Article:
NEW YORK, Jan 24 (Reuters) - Corporate finance managers are starting to find themselves cash-strapped by one of the very financing tools they use to manage cash flows.
Auction rate securities, debt instruments once touted as a highly liquid cash management strategy, have been hit by the credit crunch and are failing to attract bidders. For companies, the result is that cash once thought to be readily accessible may be locked up indefinitely.
Auditors and regulators are also growing concerned that companies may not be telling investors properly about their exposure to the vehicles.
In the past few months, companies including, ADC Telecommunications Inc ADCT.O, 3M Co (MMM.N), and STMicroelectronics (STM.PA) (STM.N), have recorded, or said they expect to record, impairment charges ranging from $8 million to $46 million due to auction rate securities, and analysts that could become a more common scenario.
“What was intended to be a highly liquid asset now has to be treated as something more akin to plant property and equipment,” said Adam Dean, president of SVB Asset Management, which manages corporate cash accounts. “It’s not tradable , and companies are realizing they have a problem on their hands.”
Auction-rate securities are municipal bonds, corporate bonds, and preferred stocks whose rates, or dividend yields, reset through periodic “Dutch auctions.”
In the auctions, which typically happen every 7, 28, or 30 days, investors enter a blind competitive bid process to set the rate on the securities, allowing the current holders to liquidate for cash if they want to.
But as the collapse in subprime mortgages has hurt the credit markets, demand for auction-rate securities has been drying up.
“It’s truly an auction and if there aren’t buyers coming to the market the auction can fail,” Dean said. “If the auction fails, you end up holding something that is highly illiquid and it is something you will certainly lose principal with if you sell it in between auctions.”
Some 60 auctions have failed in recent months, representing about $6 billion in tied-up assets, according to Peter Crane, president and CEO of Crane Data LLC, which tracks the market for mutual fund managers.
“The ones that have failed continue to remain in limbo,” Crane said. “They just keep on failing and I haven’t heard of any auctions that have been resuscitated or where a dealer has stepped in and said we’re going to revive this structure.”
Companies typically classify auction rate securities as “highly liquid” and say as much in their regulatory filings, but investors should be wary that it may no longer be the case.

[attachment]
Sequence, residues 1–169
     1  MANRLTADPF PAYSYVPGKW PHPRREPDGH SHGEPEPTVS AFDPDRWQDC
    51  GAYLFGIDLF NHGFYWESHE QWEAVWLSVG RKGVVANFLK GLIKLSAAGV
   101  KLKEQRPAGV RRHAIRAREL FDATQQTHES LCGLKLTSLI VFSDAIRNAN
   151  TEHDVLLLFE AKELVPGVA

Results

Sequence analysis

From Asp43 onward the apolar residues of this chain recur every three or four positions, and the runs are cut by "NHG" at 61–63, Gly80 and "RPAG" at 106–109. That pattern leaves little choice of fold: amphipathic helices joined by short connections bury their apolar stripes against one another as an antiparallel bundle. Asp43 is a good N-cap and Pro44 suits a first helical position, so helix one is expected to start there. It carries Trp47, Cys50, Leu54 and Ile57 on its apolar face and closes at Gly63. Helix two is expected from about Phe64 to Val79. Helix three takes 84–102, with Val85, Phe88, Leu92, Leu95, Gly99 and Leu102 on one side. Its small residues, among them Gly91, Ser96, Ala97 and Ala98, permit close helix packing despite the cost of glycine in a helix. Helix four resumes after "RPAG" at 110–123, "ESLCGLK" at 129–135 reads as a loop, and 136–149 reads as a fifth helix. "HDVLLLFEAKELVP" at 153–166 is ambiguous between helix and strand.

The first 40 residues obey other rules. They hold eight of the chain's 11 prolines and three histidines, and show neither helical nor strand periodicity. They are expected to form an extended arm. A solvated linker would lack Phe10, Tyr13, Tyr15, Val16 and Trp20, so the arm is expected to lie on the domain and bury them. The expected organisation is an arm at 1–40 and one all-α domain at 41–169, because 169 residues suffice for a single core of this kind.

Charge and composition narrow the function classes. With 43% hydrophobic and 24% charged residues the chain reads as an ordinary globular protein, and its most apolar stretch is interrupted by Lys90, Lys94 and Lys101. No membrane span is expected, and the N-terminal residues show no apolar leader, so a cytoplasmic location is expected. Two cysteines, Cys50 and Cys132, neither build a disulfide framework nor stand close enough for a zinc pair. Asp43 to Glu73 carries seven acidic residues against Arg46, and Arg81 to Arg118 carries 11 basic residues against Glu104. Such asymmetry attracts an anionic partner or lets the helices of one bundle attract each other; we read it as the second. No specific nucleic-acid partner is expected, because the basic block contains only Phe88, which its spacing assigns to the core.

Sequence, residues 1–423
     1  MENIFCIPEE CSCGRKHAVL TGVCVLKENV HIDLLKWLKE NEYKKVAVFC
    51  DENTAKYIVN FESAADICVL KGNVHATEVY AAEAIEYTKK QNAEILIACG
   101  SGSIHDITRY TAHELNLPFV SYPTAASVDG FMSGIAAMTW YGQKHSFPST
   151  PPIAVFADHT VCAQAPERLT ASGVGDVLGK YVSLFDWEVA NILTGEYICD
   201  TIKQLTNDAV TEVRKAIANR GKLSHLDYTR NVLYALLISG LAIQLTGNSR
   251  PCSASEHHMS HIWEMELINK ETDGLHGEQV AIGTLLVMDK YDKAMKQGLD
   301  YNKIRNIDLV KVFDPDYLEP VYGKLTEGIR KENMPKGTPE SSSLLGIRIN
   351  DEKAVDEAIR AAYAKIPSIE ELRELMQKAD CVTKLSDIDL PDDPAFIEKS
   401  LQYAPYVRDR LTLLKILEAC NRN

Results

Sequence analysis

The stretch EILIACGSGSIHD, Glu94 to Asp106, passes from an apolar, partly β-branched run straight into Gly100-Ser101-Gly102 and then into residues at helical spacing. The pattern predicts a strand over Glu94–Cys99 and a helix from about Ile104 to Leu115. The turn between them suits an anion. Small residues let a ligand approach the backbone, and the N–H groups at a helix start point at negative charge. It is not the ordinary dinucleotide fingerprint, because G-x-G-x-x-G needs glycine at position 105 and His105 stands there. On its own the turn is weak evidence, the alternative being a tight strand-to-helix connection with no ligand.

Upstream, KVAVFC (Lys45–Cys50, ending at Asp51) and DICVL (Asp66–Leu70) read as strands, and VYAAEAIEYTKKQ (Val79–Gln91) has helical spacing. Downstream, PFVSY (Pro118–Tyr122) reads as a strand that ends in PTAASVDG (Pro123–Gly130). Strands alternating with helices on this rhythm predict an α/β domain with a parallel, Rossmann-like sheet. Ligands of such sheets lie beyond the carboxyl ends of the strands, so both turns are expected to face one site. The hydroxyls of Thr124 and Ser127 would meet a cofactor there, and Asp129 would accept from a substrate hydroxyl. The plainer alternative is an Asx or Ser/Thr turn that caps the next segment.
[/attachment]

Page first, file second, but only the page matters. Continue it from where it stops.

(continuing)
“I’ve heard CFOs say, ‘These were marketed as securities that never fail’,” Dean said. “There are auctions out there right now that have not failed, but there’s nothing implicit in those to prevent them from failing.”
Some companies have claimed they were misled about auction rate securities, or never intended their funds to be invested in them in the first place.
STMicroelectronics said a financial institution investing on its behalf placed its funds in auction rate securities without authorization. Also, wireless operator MetroPCS Communications Inc PCS.N has sued Merrill Lynch MER.N in Texas state court claiming it improperly lost money in auction rate securities.
Regardless of intent, some investors may not even be aware of companies exposure because many have misclassified the securities as cash equivalents on their balance sheets, when they should be marked as a short-term investment, or a long-term investment if it is impaired.
Officials at the U.S. Securities and Exchange Commission have begun notifying companies about improper classification of auction rate securities, according to Stephanie Hunsaker, associate chief accountant in the SEC’s Division of Corporation Finance.
“Auction rate securities are not cash or cash equivalents — they are investments,” Hunsaker told accountants at a New York State Society of CPAs conference on Wednesday. She said impairments of the securities should make auditors give them a second look.
Deloitte & Touche [DLTE.UL], one of the Big Four accounting firms, issued an alert on its Web site this month telling its auditors that auction-rate securities “deserve particular attention,” and must be scrutinized for impairments. (Editing by Tim Dobbyn)